She eventually chanced upon a job ad for a receptionist at Anytime Fitness, and applied — almost as a last resort, with no expectation of getting hired.

After all, being a receptionist meant that she would be in a client-facing role, something that made many other employers hesitant to give her a chance.

However, she aced her interview, and was hired soon after, a full six months after the start of her job search.

Syakirah was oozing with excitement as she recalled how the job offer made her feel.

"I was so, so happy. It took a lot of time, it took a lot of telling myself not to give up. 'Keep trying! And if there is a will, there is a way.' Am I right?"

An opportunity to lead her very own class

Syakirah's first few days of work were nerve-wracking, as she was relatively shy and had little experience facing customers on a regular basis.

In particular, she was afraid that customers would judge her for her condition, making work more difficult.

The fear and nervousness that Syakirah said she felt then stood in sharp contrast to the bubbly and carefree personality she showed during our chat.

However, it was clear that her shyness is a thing of the past, as she quickly overcame it in her first month of work, with a lot of help from her managers and colleagues.

In fact, she ended up having her probation shortened by three months, and earned herself a promotion to become an ambassador for the Anytime Fitness brand.

After her manager encouraged her to try out the various classes they had to offer, she had her first experience with Salsation, which she described as "a mixture of salsa and sensation dance".

She particularly enjoyed Salsation because it was a more relaxing form of dance, compared to a higher-intensity activity like Zumba.

Her passion for Salsation grew, and it was not long before her superiors discovered it.

One day, the management in her gym approached her with a shocking proposal: Be a dance instructor for their Salsation classes.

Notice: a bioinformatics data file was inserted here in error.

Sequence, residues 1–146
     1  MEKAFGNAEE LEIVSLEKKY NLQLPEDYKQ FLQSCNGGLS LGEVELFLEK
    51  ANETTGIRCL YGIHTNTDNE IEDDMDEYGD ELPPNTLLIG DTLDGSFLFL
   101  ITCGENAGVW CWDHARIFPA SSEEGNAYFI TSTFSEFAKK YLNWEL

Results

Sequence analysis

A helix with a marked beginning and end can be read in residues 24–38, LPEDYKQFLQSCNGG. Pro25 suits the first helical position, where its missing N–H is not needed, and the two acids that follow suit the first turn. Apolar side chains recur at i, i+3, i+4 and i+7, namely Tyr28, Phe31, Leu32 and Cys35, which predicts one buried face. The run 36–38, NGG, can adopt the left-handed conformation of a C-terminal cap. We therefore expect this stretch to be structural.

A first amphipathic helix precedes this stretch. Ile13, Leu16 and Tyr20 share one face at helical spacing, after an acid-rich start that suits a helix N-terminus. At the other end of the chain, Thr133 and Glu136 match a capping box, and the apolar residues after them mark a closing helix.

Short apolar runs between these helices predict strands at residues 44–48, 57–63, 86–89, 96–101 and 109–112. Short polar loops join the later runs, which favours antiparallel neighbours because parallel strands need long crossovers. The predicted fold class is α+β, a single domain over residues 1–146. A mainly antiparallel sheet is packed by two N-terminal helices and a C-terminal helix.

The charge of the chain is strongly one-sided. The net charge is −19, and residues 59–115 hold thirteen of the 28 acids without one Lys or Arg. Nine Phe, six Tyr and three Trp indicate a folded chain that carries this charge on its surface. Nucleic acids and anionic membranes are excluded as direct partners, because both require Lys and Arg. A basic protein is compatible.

Syakirah was initially hesitant, having no prior experience in personal training, but soon convinced herself that she should not be afraid of trying new things.

She was sent to Jakarta to take a professional course, and became a certified Salsation dance instructor.

Being the centre of attention was a new experience

While Syakirah may have stopped being shy in front of customers entering the gym, being the centre of attention as a dance instructor was a whole new experience.

Having spent much of her childhood trying to avoid unnecessary attention, becoming a dance instructor seemed counter-intuitive, as it meant that she would have to spend entire lessons with all eyes on her.

"I started being nervous. The nervousness, I can tell you, is 100 per cent nervous," she recounts with a laugh.

With around five to six people in her first class, she told herself to simply focus on her dance, and less on her students watching her, in order to alleviate some of that stress. Still, she recalls having difficulties speaking, making it difficult for her to lead the class well — something her supervisors noticed.

Luckily for her, Syakirah's supervisors and students were understanding, with her bosses telling her that it was completely normal to feel this way for her first class.

She took feedback in her stride, and continued to act upon the comments and improve herself.

In the course of the interview, Syakirah repeated the phrase "go with the flow" several times while talking about her response to setbacks. After all, she said, there was not much point in dwelling on the difficulties.

And while she continues to experience some stage fright prior to her lessons, she is now able to flip a switch in her mind, and be natural once the lessons start.

"Right now, I might tell you I'm nervous, but when it comes to the actual day itself, in front of everyone, I'll just be like: 'Hi everyone!'" she said excitedly, the pitch of her voice rising to match her enthusiasm.

For Syakirah, who grew up loving dance, being able to work as a dance instructor was an opportunity that she never thought she would get.

Not very shy anymore. Image via Nur Syakirah Syazwana/TikTok.

Started doing foodpanda delivery during circuit breaker

Unfortunately, when Covid-19 struck last year, Syakirah, like many other Singaporeans, was affected by Circuit Breaker restrictions from April 2020.

As part of circuit breaker measures, all gyms in Singapore were closed, meaning Syakirah was suddenly unable to go to work.